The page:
‘My generation must live again, instead of survive’

Fighting injustice, that’s what student Luna Koops wants. She used to be chair of the Young Socialists and member of the Windesheim Central participation council. Now she is on the list of the political party Partij van de Arbeid (Labour Party) for the municipal elections in Zwolle. “I want to give young people from Zwolle a voice.”

In between her worktimes, Luna (24), third year Teacher education in Physics, has some time for a chat. “It were busy weeks. I was busy with my internship; I teach. And today I’m busy with party affairs. The election program is done, so the plans for Zwolle have been made. Now, we have to make those plans clear to the people of Zwolle. And try to get support. Basically, run a campaign.”

You are third on the list of the Partij van de Arbeid (PvdA). What is the probability that you become a councilor?

“There are currently four seats for the PvdA in Zwolle, so there is a chance that I get on the city council. But it’s not very useful for me to concern over this. Eventually it’s up to the voter. In the meantime, I could much better concern over making Zwolle even more beautiful.”

But suppose you do get into the council. Why do you want that?

“Of course I want to go for it, because I see things around me that aren’t fair in Zwolle. The situation with the housing market is the biggest problem and has my priority. I notice it in my own life as well. I will be graduating soon, but it’s almost impossible to find a house after this. Renting something in the private sector is incredible expensive. The waiting time for social rental housing is seven years. And buying is also getting less accessible. As an ex-student you stay in your student house for a long time. How are you ever supposed to start a family? To solve that, I want to get into the council. But if that doesn’t happen, I’ll remain politically active. For instance, I participate in housing protests and climate marches. That’s close to my heart.”

Why do you think it is so important to do this job?

“I cannot stand injustice. A friend of mine once said: “anger because of injustice is one of the greatest forms of love.” That sums up nicely what my motivation is. I notice men are still getting paid more than women. I still notice people looking weirdly and thinking ‘what are those lesbians doing here’ when I’m on the train with my girlfriend. I notice people have few opportunities at the labor market, while the fixed charges go up. It becomes more and more expensive to live for my generation. You could call it surviving. That’s what I want to stand up against.”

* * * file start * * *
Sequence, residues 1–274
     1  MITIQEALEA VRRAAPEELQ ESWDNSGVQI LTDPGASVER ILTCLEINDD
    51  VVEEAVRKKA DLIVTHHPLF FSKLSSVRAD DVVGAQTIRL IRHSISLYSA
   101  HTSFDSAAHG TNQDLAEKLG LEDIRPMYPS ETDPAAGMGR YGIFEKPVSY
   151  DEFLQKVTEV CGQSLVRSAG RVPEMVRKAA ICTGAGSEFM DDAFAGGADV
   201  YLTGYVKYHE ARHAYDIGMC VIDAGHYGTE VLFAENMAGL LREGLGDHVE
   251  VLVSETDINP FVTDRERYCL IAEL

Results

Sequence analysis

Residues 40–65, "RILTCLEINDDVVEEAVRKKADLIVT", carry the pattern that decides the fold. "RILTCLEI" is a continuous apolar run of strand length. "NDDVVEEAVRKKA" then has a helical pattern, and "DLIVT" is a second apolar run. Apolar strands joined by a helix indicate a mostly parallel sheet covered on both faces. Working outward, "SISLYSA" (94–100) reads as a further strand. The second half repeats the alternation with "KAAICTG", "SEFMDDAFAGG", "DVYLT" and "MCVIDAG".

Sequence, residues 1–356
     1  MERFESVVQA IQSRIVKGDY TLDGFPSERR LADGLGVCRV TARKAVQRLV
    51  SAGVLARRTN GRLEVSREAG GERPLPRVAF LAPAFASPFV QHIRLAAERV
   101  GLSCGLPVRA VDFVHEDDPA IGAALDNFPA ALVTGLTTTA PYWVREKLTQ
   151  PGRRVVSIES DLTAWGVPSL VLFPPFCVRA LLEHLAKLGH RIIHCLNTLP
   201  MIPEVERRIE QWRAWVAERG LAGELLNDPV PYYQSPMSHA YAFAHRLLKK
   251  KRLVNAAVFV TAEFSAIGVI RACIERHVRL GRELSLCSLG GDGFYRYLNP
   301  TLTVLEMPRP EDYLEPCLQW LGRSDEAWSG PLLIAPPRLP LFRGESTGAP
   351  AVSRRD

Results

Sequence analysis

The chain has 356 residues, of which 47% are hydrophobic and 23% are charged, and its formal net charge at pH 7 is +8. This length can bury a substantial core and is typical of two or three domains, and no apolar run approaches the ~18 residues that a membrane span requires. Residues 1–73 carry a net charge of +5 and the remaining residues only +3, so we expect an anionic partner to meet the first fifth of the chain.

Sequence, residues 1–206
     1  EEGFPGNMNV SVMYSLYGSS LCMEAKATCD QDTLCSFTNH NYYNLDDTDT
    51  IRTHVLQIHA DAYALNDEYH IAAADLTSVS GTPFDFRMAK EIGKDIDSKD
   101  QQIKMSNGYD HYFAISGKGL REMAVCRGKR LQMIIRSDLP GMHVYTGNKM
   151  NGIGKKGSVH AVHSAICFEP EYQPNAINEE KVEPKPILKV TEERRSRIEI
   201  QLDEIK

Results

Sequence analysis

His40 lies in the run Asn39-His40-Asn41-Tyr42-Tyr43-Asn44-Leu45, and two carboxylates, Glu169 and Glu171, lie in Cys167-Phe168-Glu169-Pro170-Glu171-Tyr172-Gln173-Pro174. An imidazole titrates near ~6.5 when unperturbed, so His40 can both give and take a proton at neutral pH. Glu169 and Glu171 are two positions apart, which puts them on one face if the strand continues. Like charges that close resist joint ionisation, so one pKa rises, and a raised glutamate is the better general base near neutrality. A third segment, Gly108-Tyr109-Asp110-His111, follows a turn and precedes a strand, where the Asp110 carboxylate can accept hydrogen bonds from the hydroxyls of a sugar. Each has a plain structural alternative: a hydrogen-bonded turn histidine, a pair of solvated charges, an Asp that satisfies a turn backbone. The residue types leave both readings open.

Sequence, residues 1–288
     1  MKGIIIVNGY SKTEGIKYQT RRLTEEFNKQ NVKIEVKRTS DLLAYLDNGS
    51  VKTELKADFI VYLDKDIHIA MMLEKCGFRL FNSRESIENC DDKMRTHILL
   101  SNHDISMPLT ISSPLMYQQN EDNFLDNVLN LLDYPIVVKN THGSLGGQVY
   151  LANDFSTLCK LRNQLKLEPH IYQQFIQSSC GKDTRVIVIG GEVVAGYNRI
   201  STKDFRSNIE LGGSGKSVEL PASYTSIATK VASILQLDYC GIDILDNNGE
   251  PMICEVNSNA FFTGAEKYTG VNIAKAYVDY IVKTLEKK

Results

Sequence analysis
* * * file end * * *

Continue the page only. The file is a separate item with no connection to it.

That anger against injustice, have you always had that?

“Ever since I was a child: it started with the end of primary school. Back then, I already had discussions with classmates. In 2010, Mark Rutte became Prime Minister. He had to go up against PvdA’s Job Cohen, whom I’m a fan of. I was already very involved in that competition. And in the subjects that Cohen thought were important. I was twelve, so I’ve been involved with politics for half my life.”

What about the family you came from? Also politically active?

“We talked about it a lot at home, but no one was affiliated with any party. It wasn’t until I became a member of the PvdA at 18, became active and actually a little known, my parents also decided to become member. The situation in my family has contributed to my involvement. We certainly weren’t rich, but there were many things that we did have. A television for example, and a nice row house. Early on, I learned that not everyone had that. And that it is important to keep an eye on people who are in different situations.”

What do you actually want to reach via the Windesheim Central participation council?

“That we become a university of applied science that is accessible to everyone. For example, we already decided together with the executive board that the ‘doorstroomnorm’ (transition norm) standard is replacing the binding study advice. Students get to decide for themselves whether they continue after their first year or not. You won’t have to stress about the decision of exclusion. That pressure on students, together with the loan system and the situation at the housing market… that too is survival. The school should pay attention to how students feel.”

In society you currently see much polarization and mistrust in the government. What do you think about that?

“I don’t think it’s strange that people mistrust the government. As PvdA, we are also to blame for this. We have introduced the present student loan system. Bluntly said, the government screwed people over, so for us as a party is this a real opportunity. We need to go back to a government that’s there for people, instead of against them. At the same time I know; that’s a long-term plan. We are not going to be able to resolve this in four years.”

And in five years? Were you finally able to get a house?

Hopefully I’ll be a physics teacher with a stable income. And indeed, I hope to have a house by then. A flat apartment is enough; I have already adjusted the expectation of a row house. Still, these things are not a given for a 29 year old. I know I have to fight for it. In politics, but also in my own life. As a matter of fact, I am in the middle of my own political story.”

Text: Silke Polhuijs
Photos: Gerben Rink

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